Karl Ludvigsen’s book recounts many of Gurney’s biggest victories, as well as his many disappointments. And there were many disappointments (two recounted above), so much so that for three decades “Gurney Luck” was a term as familiar to racers as “Gurney-Flap.” (“The Gurney-Flap” is a small tab projecting from the trailing edge of a wing, to increase downforce, developed in Gurney’s shop.) Indeed, wherever he raced, Gurney was always among the quickest, if not THE quickest. His record of near misses is legendary.
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More About the Author

Biographical Background
Karl Ludvigsen

In addition to his motor industry activities as an executive (with GM, Fiat and Ford) and head of a consulting company, Karl Ludvigsen has been active for over 50 years as an author and historian. As an author, co-author or editor he has some four dozen books to his credit. Needless to say, they are all about cars and the motor industry, Karl's life-long passion.
Since 1997 Ludvigsen has been drawing on the photographic resources of the Ludvigsen Library to write and illustrate books on the great racing drivers. His first title in this series was Stirling Moss ' Racing with the Maestro. He followed this with Jackie Stewart ' Triple-Crowned King of Speed and Juan Manuel Fangio ' Motor Racing's Grand Master. Fourth in this series for Haynes Publishing was Dan Gurney ' The Ultimate Racer and fifth was Alberto Ascari ' Ferrari's First Double Champion. Next came Bruce McLaren ' Life and Legend of Excellence and Emerson Fittipaldi ' Heart of a Racer.
Also in the field of motor sports Karl Ludvigsen has written about road racing in America, the cars of the Can-Am series, the AAR Eagle racing cars, the GT40 Fords and Prime Movers, the story of Britain's Ilmor Engineering. His introduction to At Speed, a book of Jesse Alexander's racing photography, won the Ken W. Purdy Award for Excellence in Automotive Journalism. Other motors-sports titles include Classic Grand Prix Cars, a history of the front-engined G.P. racer, and Classic Racing Engines, Karl's personal selection of 50 notable power units.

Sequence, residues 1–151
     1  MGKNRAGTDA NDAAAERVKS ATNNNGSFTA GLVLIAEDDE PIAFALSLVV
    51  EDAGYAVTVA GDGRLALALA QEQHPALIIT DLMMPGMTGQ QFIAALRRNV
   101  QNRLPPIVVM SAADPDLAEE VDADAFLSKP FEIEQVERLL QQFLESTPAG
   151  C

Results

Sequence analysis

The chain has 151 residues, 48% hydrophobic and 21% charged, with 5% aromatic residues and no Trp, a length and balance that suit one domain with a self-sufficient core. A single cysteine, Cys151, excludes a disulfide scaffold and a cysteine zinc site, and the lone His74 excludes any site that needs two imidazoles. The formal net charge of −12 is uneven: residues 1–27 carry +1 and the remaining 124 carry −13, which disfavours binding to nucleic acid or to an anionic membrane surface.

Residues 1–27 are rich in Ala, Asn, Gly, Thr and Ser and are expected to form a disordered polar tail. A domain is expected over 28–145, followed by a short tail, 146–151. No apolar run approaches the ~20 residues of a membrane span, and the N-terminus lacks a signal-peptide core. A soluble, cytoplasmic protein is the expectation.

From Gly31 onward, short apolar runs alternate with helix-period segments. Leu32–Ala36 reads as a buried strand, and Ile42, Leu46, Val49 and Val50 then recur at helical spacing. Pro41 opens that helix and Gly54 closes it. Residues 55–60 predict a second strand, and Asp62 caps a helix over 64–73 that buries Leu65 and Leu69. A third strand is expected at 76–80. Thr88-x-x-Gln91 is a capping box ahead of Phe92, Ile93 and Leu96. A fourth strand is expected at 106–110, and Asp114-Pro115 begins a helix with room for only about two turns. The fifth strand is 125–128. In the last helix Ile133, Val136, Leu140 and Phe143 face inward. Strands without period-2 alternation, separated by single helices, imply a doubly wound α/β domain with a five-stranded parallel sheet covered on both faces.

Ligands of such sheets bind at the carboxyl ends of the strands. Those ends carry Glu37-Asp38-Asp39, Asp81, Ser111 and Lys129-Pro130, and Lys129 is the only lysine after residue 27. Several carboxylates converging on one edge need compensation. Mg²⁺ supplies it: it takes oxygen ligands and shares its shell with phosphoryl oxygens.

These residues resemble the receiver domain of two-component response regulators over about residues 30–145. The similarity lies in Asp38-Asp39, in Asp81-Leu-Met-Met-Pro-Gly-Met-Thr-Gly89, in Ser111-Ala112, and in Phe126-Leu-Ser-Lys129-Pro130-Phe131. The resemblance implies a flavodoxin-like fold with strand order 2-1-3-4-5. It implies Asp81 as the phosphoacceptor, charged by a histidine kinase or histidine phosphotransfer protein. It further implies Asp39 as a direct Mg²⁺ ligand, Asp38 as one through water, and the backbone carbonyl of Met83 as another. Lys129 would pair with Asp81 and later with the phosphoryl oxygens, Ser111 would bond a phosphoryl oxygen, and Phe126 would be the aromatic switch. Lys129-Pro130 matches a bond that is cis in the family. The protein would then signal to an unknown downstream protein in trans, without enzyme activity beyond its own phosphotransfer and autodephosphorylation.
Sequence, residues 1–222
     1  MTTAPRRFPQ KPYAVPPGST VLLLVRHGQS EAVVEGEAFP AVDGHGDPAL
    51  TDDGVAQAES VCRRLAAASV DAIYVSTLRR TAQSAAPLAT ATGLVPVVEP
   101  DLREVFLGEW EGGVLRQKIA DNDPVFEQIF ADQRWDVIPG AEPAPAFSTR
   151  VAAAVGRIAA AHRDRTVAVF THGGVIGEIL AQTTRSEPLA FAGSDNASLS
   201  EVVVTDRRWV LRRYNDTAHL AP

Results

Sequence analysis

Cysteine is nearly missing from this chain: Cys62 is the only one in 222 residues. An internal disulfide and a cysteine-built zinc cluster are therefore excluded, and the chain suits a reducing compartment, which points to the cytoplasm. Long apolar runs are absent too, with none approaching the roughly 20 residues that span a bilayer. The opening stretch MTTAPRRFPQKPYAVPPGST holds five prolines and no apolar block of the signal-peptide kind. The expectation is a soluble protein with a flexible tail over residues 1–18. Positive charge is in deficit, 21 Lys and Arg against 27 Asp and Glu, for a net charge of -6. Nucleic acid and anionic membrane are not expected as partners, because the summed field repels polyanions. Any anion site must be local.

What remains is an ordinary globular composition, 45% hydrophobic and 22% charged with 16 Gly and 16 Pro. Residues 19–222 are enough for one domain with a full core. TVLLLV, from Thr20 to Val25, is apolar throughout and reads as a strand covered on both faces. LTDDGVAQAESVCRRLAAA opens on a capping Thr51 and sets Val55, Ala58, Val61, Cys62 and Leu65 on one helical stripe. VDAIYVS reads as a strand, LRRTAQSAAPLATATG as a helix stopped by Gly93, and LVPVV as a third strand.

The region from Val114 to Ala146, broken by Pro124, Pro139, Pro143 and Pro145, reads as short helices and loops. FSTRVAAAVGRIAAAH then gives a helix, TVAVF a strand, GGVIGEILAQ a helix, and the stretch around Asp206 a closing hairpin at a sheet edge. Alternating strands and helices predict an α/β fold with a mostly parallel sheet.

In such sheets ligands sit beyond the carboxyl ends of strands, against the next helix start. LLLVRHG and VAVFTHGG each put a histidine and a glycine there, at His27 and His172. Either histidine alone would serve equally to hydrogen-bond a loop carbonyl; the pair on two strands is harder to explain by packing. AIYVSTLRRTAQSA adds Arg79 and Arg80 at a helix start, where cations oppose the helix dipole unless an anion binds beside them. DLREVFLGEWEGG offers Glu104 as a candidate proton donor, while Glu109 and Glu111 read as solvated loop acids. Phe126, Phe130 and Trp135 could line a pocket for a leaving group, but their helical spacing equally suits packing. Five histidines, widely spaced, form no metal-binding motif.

Four of Karl Ludvigsen's books concern the Chevrolet Corvette, one of them an industry best-seller. He has written three times about Mercedes-Benz, twice about its racing cars. His books on the latter subject have won the Montagu Trophy (once) and the Nicholas-Joseph Cugnot Award (twice), both recognising outstanding automotive historical writing. In 2001 he again received the Cugnot award from the Society of Automotive Historians for his book about the early years of the Volkswagen, Battle for the Beetle, a Robert Bentley publication.
Karl Ludvigsen's Porsche history, Excellence was Expected, is considered by many to be a model of the researching and writing of the history of an auto company. He has updated it twice in a three-volume format for Bentley Publishers for the new Millennium. He is the author of a series of monographs on great Maserati cars. His book BRM V16 for Veloce Publishing tells the story of one of the most controversial racing cars of all time. In The V12 Engine for Haynes he describes the creation and consequences of all the cars ever powered by the iconic vee-twelves.
In 1997 Ludvigsen researched and wrote the catalogue for a special exhibition of Ferrari technological innovations on the occasion of the company's 50th anniversary and contributed a major section to the company's official 50-year history. He has updated this for the company's 60th anniversary. Karl's understanding of the Ferrari world combined with his Library's holding of the Rodolfo Mailander photo archive to produce Ferrari by Mailander in 2005, a Dalton Watson publication. In 2006 with Dalton Watson Karl has published The Incredible Blitzen Benz, the story of six great record-breaking cars.
In co-operation with publisher Iconografix, Ludvigsen has established the Ludvigsen Library Series of 128-page books drawing on the holdings of the Ludvigsen Library. The series now numbers 19 titles, including books on Indy racing cars of 1911 to 1939, the 1940s, 1950s, 1960s and 1970s, the Indy Novis, Chevrolet's Corvair and Corvette, the Mercedes-Benz 300SL of 1952 and 1954-1964, the 300SLR of 1955, Porsche Spyders, Porsche 917, Jaguar XK120, XK140 and XK150, Land Rover Defender the Ferrari factory and American sports-racers: the Cunninghams, Chaparrals and Can-Am racing cars. More titles are in preparation.

Status: December 2006